The latest instalment of Inside Xbox (7th May 2020) finally offered us a glimpse of Xbox Series X gameplay. After months of being battered by geeky technical stats, we could see for ourselves what all the numbers actually mean.
The presentation started with an intro from Aaron Greenberg, Xbox’s game marketing head honcho, who in one scene was wearing a Master Chief helmet. It left me pondering if we would actually see Halo Infinite Gameplay, despite every part of my brain telling me not to be so bloody daft. Surely they wouldn’t be that cruel? It turns out that actually they would.
Anyway, we heard about Smart Delivery early on too, which essentially offers you current and next-gen versions of a game with a single purchase. Therefore you can be assured you are getting the optimum version of the game you want, for the platform you are gaming on. It’s a nice touch, but not quite as groundbreaking as all the fuss may make you think. If Microsoft weren’t running two consoles alongside each other, and forging ahead with the Xbox Series X only, then you would be getting the best version of each game anyway. Right?
Xbox are clearly proud of their Xbox Game Studios collaboration, and there’s no doubt there are some intriguing-looking games on the horizon coming from many talented developers. We got to see a decent line-up in terms of quantity, but not a lot of big hitters. There is nothing wrong with this in theory, however when launching a new console it seems a risky strategy. What about the first party releases? Exactly what is Microsoft bringing to the table here? A long standing criticism of Xbox versus PlayStation is the lack of exclusives, in other words killer apps for the hardware. So far, I’ve not been convinced Xbox has enough to tip the scales.
Sure, we’re getting Halo Infinite, but where is it? Ever since E3 last year I’ve been convinced the Xbox Series X would be launching at the end of 2020 with Halo Infinite as a launch title. This seems to be the case, but the lack of information is starting to concern me greatly. What better way for the series to get back in touch with its roots (which 343 Industries have claimed it is aiming to do) than to mirror the original’s job of launching a new console? It needs to happen.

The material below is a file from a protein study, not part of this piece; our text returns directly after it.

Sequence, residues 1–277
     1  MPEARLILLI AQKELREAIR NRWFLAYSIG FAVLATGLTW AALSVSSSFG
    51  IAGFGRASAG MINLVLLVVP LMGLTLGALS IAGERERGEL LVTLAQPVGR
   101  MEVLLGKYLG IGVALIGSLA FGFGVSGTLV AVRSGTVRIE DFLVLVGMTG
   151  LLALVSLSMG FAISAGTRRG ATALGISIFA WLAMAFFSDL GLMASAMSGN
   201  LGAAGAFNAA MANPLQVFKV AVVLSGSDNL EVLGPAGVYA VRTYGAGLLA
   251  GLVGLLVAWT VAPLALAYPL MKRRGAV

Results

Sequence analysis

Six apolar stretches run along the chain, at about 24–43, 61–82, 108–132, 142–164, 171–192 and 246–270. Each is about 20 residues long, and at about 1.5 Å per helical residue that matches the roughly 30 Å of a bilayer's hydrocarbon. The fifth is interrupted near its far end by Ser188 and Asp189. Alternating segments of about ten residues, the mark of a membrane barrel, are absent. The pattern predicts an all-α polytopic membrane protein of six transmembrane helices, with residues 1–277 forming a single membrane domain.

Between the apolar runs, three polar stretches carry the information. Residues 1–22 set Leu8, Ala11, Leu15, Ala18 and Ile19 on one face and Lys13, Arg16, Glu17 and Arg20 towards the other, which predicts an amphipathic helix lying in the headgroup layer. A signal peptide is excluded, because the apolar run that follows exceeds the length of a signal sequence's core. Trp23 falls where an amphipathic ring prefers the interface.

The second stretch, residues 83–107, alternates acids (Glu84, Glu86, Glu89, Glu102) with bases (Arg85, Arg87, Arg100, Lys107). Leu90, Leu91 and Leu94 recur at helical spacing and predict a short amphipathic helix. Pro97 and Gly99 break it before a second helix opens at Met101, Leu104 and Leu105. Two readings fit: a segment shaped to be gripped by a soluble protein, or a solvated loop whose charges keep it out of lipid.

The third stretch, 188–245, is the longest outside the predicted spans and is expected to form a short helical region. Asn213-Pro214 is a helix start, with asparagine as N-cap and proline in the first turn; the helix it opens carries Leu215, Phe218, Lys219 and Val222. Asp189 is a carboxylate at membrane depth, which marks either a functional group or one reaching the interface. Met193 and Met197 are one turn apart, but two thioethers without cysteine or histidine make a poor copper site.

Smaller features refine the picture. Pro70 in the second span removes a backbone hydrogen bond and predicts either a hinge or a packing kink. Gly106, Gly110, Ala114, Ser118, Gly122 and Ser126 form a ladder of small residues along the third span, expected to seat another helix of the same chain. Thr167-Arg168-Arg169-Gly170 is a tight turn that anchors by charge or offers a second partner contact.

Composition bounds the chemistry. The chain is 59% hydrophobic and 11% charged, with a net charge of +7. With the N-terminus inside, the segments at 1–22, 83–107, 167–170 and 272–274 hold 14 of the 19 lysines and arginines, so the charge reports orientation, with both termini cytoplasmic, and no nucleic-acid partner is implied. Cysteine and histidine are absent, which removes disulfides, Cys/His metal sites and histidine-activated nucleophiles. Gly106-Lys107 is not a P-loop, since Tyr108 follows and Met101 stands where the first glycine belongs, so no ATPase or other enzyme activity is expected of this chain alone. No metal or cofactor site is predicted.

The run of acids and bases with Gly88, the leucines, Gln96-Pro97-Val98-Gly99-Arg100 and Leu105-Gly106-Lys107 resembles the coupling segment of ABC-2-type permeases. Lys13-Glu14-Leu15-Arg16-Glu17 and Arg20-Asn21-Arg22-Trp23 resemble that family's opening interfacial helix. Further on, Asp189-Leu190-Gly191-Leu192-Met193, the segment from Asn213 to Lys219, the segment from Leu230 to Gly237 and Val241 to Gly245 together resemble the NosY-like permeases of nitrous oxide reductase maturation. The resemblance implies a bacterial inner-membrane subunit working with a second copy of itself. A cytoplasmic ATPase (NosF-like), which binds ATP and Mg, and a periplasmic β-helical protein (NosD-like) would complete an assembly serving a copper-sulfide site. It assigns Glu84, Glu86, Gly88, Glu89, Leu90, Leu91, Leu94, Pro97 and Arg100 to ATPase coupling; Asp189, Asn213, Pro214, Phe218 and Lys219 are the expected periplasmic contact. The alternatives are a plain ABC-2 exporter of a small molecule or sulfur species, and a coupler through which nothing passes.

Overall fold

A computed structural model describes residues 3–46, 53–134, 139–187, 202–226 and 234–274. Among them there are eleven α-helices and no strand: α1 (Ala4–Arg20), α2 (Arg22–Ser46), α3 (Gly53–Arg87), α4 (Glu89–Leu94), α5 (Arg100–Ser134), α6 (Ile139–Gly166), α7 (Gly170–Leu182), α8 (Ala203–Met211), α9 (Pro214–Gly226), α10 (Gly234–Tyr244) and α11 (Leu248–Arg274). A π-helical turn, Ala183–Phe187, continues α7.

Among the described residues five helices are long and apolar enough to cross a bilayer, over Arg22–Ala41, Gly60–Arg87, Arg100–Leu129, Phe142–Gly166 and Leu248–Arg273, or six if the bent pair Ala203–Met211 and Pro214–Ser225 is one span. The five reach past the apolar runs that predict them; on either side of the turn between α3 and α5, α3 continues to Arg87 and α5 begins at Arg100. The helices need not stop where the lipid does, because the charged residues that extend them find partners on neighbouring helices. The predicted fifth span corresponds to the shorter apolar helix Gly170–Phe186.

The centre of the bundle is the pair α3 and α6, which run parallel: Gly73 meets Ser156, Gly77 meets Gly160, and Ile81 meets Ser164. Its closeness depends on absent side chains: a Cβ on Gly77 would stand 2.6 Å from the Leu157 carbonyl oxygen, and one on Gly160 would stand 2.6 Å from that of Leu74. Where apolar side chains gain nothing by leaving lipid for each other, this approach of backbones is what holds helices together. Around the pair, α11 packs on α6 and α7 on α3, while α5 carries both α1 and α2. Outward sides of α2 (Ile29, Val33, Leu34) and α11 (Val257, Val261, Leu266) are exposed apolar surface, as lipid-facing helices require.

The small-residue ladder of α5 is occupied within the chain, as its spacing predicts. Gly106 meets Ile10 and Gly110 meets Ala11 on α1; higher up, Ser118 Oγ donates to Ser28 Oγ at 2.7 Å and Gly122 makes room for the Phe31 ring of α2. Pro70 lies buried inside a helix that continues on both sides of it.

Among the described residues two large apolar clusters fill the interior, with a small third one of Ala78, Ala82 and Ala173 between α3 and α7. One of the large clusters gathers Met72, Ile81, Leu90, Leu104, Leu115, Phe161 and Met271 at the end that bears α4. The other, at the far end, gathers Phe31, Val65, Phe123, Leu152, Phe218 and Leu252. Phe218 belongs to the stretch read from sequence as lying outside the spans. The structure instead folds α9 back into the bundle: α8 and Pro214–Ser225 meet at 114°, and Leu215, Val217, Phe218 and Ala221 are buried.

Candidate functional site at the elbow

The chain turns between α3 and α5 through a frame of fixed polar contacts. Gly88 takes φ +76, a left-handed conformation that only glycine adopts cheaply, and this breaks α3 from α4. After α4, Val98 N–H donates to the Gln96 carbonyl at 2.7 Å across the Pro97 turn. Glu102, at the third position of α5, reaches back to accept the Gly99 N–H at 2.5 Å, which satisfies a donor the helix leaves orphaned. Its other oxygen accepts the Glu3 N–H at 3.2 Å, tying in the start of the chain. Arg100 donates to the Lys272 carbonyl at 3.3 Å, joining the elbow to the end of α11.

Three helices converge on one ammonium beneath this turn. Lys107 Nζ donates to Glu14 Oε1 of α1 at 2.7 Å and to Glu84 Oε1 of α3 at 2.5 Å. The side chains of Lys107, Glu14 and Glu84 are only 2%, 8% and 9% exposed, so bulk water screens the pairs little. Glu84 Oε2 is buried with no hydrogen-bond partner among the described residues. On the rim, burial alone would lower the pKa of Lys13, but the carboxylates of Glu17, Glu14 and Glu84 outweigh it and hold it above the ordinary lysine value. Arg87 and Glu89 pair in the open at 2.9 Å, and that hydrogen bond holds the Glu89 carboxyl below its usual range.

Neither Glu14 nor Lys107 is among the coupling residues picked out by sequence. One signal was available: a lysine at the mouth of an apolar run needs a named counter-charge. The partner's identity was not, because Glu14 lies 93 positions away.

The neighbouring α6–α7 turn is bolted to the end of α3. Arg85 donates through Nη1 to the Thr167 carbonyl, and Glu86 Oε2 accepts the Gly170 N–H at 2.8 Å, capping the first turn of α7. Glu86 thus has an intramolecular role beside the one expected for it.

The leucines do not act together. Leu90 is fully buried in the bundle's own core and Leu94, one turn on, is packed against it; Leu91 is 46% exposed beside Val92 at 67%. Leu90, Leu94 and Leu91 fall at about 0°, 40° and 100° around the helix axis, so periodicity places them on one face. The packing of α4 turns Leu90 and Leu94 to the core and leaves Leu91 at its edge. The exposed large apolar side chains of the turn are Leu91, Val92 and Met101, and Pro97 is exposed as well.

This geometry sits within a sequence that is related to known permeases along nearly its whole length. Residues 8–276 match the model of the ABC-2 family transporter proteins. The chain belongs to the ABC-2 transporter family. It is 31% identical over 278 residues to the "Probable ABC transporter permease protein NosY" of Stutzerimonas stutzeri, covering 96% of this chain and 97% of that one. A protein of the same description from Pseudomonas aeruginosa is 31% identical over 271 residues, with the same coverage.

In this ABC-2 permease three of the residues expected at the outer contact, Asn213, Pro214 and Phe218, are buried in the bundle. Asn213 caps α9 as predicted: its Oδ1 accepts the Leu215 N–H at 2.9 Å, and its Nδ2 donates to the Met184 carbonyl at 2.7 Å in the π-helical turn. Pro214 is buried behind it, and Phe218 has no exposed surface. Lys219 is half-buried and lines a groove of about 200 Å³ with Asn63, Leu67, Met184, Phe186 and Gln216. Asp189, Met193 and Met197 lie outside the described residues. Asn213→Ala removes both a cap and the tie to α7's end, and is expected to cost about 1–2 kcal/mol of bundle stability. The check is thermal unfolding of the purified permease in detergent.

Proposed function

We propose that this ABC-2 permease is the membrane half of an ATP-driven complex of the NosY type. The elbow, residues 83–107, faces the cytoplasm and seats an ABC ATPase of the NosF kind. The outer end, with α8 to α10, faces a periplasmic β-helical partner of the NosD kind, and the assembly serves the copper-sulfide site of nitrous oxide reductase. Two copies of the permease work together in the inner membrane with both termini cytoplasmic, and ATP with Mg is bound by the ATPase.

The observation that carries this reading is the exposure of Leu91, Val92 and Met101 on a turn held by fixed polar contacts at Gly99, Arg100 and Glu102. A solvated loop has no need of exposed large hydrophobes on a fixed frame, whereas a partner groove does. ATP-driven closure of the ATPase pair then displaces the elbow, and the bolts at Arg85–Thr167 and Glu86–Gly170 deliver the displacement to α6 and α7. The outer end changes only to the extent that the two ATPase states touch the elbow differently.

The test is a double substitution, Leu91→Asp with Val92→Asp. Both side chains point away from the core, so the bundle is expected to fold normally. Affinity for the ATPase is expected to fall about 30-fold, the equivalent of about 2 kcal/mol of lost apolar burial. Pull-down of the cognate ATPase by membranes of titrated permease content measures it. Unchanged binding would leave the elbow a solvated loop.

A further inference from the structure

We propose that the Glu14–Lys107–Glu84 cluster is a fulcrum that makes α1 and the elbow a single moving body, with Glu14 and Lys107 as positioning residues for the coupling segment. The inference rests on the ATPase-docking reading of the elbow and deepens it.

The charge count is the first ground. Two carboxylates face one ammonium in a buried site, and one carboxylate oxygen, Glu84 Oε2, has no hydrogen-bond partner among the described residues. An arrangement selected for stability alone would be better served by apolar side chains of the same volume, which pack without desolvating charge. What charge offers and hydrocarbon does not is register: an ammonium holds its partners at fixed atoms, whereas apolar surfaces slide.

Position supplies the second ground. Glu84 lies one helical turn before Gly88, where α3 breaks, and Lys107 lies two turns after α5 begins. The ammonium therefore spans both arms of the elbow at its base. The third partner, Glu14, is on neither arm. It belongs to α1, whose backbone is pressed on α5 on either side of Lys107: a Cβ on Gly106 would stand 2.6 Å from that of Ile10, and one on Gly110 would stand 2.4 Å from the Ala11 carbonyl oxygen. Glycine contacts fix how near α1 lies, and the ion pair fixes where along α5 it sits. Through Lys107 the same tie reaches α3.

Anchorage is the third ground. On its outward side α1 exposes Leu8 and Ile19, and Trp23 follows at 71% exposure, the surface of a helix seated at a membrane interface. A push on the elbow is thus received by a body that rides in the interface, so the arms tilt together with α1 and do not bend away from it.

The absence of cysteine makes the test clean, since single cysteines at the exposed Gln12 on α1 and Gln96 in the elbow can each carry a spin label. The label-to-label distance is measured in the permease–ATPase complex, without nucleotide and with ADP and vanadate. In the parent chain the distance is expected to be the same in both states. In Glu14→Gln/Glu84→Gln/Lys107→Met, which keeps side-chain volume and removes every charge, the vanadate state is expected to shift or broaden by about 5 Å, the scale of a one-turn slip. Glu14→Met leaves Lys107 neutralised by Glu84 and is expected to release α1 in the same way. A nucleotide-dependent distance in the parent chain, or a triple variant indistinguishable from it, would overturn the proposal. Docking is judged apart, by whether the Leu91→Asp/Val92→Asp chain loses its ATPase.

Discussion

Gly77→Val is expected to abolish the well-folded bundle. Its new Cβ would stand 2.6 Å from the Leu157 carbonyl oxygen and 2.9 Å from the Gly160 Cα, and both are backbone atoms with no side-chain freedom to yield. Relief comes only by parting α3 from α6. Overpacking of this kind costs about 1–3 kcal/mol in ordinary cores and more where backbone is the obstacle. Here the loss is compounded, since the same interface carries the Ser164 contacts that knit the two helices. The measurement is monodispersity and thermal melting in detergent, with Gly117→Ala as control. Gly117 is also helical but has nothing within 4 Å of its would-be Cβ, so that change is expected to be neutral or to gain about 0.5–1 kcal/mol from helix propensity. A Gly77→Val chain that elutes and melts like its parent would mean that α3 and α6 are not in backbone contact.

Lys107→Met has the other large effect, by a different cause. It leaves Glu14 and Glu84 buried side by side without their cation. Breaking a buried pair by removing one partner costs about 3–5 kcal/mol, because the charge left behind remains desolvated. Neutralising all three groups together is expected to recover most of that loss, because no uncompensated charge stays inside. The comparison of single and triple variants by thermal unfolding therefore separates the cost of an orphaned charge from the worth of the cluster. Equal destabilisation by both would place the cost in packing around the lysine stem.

However, there were some juicy nuggets of new information to get excited about. The big reveal was an exclusive look at some Assassin’s Creed: Valhalla gameplay. It came across a lot like a cinematic trailer, but was reportedly directly from Xbox Series X gameplay. The game looks to be building on the success of its older relatives, which is no bad thing. However, with this being available on multiple platforms when it launches, it didn’t really leave me thinking “Yes. That’s the reason why I’ll buy an Xbox Series X”.
There was also some hype around the amount of developers working on Xbox One games. Again, in principle this is great news, however it all depends on just what games it is they are working on. As for the biggest games due for release on the console, it looks like we’re having to wait until July for some more concrete information, and even as I’m typing this I’m not feeling overwhelmingly confident that all our prayers will be answered.
So how good did the Xbox Series X gameplay actually look? Well, it’s always hard to tell by just watching. If I’m honest, I wasn’t blown away, and some games definitely looked better than others. Take Vampire: The Masquerade – Bloodlines 2 for example, which unfortunately looked like a Sims DLC pack that the PS3 could handle with ease. Whereas DIRT 5 and Assassin’s Creed: Valhalla looked much better, but not hugely ahead of the current generation. In fact, it’s clear the leaps between generations are getting shorter. This is another reason why the games themselves are so important, not just how good they look or how fast they run.
Throughout the presentation it was clear that tech specs and graphics are the main selling point for the Xbox Series X, as opposed to the games, despite what the team may claim. We got to see a fair few, albeit all third party, titles, which says it all really. It’s a risky strategy, and one which has not paid dividends in the past. It makes me pretty nervous that the next generation will tell the same story, giving the PS5 the opportunity to get the jump on Xbox Series X.
If one word could sum up my position right now, it would be “nervous”. It’s not too late by any means, and the Xbox Series X is no doubt an impressive bit of kit. Games are always good, and it seems there are plenty coming. However, we need more reasons why Xbox Series X is the way to go come the end of the year. For me there is much work to be done before that becomes a clear choice.
So, will the Xbox reign supreme in the battle for the ninth generation? It’s still far too early to say. If you look at the amount of questions I’m asking in this piece, that will give you some indication of where I am at. Let’s just say I won’t be betting on it anytime soon.